This ...c6 and ...b5 line has been practically archived in correspondence games as bad.

After 9.f3 b4 10.Na4 the only move where Black has not lost all the games is 10...Bd7, which still is scoring a miserable 15% (mainly due to older games, in recent ones he is barely able to survive without devastating material losses). Most recent game, where a correspondence IM went down the drain against a player rated 400+ points lower:

 

In short, all your claims are quite unfounded.

Like it, or not, 6.Bf4 is white's most agrressive and dangerous line by a wide margin, but there are a couple of lines (not the one which you've suggested which is just bad, and white does not need to know more than leaving the a4 horsie unprotected) where he needs to memorize a lot.

SuperBigTom

OK

ThrillerFan

The reason for Be2 is simple.  You do not want to play f3 too soon.  Do it when provoked by ...Re8.  Otherwise, there could be Ne4 and Bh4 tricks looming (or Qh4 if the Bishop moves).  Not saying concrete threat here, but the concept makes an early f3 without the Bishops developed risky.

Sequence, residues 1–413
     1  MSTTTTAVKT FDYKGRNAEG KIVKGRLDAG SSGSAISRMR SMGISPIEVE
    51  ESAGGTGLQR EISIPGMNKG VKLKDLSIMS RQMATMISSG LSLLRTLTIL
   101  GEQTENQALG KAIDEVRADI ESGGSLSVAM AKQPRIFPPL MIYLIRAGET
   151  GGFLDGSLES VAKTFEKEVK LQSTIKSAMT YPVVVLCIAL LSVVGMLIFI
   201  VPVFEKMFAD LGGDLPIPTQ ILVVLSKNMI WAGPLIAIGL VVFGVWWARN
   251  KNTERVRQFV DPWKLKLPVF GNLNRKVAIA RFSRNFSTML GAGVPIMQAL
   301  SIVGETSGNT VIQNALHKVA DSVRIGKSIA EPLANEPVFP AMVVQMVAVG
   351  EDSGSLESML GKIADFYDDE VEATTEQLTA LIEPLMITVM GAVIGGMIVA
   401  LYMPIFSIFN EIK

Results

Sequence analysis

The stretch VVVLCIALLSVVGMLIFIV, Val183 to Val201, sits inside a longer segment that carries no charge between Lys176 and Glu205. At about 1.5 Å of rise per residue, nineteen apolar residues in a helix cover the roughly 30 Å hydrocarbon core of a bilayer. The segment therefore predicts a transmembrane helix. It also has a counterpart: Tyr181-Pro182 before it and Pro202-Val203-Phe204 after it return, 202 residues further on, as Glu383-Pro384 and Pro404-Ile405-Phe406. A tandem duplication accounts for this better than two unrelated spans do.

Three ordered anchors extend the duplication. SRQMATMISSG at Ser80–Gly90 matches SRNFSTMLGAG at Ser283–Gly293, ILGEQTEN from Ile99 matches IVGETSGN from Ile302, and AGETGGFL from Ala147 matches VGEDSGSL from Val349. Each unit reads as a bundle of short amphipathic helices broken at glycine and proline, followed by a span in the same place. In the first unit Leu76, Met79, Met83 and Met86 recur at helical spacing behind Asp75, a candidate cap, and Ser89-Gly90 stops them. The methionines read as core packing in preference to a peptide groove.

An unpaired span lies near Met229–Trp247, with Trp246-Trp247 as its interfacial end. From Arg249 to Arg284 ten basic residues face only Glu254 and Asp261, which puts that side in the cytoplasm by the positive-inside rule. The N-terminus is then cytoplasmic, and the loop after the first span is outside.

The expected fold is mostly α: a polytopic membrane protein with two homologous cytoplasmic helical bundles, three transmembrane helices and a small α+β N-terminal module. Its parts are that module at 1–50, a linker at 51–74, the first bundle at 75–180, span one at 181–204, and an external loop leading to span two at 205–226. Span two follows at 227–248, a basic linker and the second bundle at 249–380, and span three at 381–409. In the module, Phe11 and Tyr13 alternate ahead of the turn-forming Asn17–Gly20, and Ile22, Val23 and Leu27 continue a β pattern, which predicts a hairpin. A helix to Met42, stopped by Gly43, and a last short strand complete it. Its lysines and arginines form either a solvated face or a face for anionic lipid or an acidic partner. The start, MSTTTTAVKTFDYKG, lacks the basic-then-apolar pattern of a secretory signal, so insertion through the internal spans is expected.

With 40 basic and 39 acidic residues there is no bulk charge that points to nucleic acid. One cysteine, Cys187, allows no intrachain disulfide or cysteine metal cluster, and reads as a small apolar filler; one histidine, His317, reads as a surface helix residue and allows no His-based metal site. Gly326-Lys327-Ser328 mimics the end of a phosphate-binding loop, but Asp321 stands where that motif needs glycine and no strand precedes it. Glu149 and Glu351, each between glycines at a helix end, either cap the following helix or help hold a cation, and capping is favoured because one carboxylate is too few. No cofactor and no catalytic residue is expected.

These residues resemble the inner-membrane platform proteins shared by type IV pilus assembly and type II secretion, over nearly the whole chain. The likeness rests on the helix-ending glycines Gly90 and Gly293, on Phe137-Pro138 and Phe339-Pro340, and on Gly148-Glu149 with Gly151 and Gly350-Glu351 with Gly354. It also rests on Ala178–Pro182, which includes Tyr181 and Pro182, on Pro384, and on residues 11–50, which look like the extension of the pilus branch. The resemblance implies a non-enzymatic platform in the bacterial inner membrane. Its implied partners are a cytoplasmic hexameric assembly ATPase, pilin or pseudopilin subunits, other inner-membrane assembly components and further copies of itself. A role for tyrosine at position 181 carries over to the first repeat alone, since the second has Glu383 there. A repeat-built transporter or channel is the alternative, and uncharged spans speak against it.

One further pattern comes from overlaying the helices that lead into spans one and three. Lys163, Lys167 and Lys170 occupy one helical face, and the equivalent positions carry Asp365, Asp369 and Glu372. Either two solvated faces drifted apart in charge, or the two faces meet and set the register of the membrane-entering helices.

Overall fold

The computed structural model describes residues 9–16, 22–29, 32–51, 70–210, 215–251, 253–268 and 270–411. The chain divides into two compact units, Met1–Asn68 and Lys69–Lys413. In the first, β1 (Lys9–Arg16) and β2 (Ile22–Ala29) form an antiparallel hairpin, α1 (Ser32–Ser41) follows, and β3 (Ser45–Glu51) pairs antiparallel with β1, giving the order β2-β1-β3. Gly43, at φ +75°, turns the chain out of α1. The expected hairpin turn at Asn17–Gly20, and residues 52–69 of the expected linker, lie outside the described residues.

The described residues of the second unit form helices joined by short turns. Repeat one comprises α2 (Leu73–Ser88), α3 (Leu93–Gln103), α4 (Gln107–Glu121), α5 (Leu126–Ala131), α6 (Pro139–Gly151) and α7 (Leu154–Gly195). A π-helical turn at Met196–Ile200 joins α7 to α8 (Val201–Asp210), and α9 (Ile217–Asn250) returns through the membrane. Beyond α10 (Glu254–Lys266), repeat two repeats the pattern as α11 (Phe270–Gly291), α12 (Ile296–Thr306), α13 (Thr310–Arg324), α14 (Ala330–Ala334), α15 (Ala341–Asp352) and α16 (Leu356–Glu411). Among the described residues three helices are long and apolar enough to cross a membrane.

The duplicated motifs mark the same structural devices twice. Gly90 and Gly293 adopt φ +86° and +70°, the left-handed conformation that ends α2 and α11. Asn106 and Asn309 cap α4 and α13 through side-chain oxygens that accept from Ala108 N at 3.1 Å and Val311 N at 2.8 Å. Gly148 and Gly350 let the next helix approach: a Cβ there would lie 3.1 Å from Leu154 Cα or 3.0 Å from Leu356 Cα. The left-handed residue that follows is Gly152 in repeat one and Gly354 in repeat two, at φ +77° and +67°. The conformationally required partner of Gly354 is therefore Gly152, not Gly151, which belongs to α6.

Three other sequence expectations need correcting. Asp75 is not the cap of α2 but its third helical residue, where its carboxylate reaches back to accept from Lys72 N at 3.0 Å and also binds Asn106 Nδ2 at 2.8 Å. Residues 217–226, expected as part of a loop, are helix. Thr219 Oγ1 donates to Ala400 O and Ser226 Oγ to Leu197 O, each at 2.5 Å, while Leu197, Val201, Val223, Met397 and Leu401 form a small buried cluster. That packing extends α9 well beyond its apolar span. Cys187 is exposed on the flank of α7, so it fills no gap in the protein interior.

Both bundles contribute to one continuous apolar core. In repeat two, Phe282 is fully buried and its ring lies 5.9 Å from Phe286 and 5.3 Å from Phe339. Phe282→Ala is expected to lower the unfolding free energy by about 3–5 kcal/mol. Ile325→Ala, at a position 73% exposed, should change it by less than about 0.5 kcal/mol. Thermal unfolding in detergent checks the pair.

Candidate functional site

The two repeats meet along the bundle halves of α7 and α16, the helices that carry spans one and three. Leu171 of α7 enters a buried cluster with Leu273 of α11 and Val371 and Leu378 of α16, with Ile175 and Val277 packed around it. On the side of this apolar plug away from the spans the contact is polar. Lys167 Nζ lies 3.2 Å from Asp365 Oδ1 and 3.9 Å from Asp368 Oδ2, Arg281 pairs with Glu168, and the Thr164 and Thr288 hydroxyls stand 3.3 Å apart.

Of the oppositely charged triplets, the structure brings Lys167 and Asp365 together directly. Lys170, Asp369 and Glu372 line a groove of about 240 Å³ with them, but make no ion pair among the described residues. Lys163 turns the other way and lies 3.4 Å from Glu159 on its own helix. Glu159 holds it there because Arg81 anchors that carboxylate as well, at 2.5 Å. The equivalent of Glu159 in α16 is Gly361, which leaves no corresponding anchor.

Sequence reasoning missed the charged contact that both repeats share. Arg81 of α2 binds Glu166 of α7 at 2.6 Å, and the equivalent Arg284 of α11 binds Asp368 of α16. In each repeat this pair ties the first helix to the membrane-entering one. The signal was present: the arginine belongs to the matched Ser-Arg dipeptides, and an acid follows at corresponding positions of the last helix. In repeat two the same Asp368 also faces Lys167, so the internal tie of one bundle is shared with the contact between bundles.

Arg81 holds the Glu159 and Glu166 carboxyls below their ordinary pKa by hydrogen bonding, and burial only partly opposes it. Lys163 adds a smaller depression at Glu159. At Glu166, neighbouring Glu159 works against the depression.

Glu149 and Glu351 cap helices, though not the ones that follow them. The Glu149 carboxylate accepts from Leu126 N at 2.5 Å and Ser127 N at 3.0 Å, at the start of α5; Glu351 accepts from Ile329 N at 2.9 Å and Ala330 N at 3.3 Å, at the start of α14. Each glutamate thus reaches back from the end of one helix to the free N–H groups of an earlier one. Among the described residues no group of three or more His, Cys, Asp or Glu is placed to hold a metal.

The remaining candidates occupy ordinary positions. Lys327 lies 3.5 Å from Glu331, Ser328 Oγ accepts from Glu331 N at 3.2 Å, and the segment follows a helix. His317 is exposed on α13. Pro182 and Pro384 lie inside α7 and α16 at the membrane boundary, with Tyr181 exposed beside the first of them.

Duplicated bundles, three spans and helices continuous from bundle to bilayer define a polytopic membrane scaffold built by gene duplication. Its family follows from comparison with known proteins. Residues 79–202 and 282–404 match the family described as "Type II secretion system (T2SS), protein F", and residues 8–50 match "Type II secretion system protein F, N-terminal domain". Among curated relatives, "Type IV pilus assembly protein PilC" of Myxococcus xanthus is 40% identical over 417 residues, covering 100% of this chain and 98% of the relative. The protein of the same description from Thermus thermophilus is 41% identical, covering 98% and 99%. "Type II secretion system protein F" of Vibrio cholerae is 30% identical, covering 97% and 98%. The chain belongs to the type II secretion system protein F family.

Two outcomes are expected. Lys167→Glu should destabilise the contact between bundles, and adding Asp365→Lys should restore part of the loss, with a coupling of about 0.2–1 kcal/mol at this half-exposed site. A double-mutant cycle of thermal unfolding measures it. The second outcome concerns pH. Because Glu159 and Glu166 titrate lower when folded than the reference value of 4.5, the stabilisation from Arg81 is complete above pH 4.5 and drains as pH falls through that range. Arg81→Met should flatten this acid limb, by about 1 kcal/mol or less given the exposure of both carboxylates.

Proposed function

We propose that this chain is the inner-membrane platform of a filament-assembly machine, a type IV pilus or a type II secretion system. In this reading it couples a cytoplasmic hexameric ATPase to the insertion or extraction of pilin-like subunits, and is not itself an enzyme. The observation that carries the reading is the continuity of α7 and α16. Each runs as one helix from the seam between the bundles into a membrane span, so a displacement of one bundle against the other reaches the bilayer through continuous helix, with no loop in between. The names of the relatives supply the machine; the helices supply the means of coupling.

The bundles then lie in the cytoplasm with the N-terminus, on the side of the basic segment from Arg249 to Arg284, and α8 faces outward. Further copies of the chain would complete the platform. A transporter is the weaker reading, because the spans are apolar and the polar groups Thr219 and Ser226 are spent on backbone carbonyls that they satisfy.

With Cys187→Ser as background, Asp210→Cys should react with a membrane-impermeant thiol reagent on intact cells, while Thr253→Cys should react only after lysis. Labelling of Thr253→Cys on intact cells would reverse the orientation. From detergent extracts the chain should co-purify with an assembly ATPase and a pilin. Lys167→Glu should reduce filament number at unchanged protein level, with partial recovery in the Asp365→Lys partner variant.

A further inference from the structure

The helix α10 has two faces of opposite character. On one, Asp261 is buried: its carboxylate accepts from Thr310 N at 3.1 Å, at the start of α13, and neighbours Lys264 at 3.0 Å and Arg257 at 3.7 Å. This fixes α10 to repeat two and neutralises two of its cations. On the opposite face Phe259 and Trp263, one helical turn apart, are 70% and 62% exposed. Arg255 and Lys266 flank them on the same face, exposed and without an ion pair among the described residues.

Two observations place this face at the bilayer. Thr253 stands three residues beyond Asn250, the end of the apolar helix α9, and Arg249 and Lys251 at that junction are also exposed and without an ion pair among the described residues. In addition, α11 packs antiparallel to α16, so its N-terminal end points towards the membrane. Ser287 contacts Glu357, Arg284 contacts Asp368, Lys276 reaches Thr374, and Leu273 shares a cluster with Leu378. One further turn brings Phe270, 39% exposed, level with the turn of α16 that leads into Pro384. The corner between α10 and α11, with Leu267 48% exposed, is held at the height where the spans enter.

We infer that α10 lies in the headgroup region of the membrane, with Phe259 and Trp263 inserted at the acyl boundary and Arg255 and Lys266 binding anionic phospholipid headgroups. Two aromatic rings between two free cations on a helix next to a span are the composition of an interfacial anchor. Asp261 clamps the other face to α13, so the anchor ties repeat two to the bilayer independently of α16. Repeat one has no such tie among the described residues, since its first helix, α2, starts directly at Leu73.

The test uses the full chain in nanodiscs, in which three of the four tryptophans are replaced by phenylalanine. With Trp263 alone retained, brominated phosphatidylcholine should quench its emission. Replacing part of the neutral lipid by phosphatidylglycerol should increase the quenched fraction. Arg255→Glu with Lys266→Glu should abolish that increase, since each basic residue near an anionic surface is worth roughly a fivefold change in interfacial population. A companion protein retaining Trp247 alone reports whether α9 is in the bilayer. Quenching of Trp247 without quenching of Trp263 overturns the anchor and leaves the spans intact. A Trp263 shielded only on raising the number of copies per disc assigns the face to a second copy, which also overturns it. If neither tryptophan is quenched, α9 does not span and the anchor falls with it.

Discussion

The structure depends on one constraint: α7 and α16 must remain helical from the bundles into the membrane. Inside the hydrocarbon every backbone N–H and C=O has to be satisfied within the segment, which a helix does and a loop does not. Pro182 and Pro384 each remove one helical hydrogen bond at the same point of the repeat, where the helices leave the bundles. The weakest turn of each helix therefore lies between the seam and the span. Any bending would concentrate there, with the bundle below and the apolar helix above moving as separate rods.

Therefore, where does White want his GOOD Bishop, assuming f3 will get played eventually?  Well, with f3, your good bishop is the dark squared one.  It wants to go to e3.

 

Without f3 played and without Be2 played, Be3 gets harassed by ...Ng4.

 

Therefore, White plays Be2 to stop Ng4, then Be3, Qd2, and O-O-O, pausing to play f3 when provoked and not until then.

 

 

As mentioned earlier though, Bf4 is the strongest.  The e3-response for the Bishop is on the basis that you are playing the slower strategy with Be2.

 

I have an ongoing correspondence game at ICCF with 6.Bf4.

 

We are 25 moves in and the position is fairly equal, maybe a tiny edge for me (white).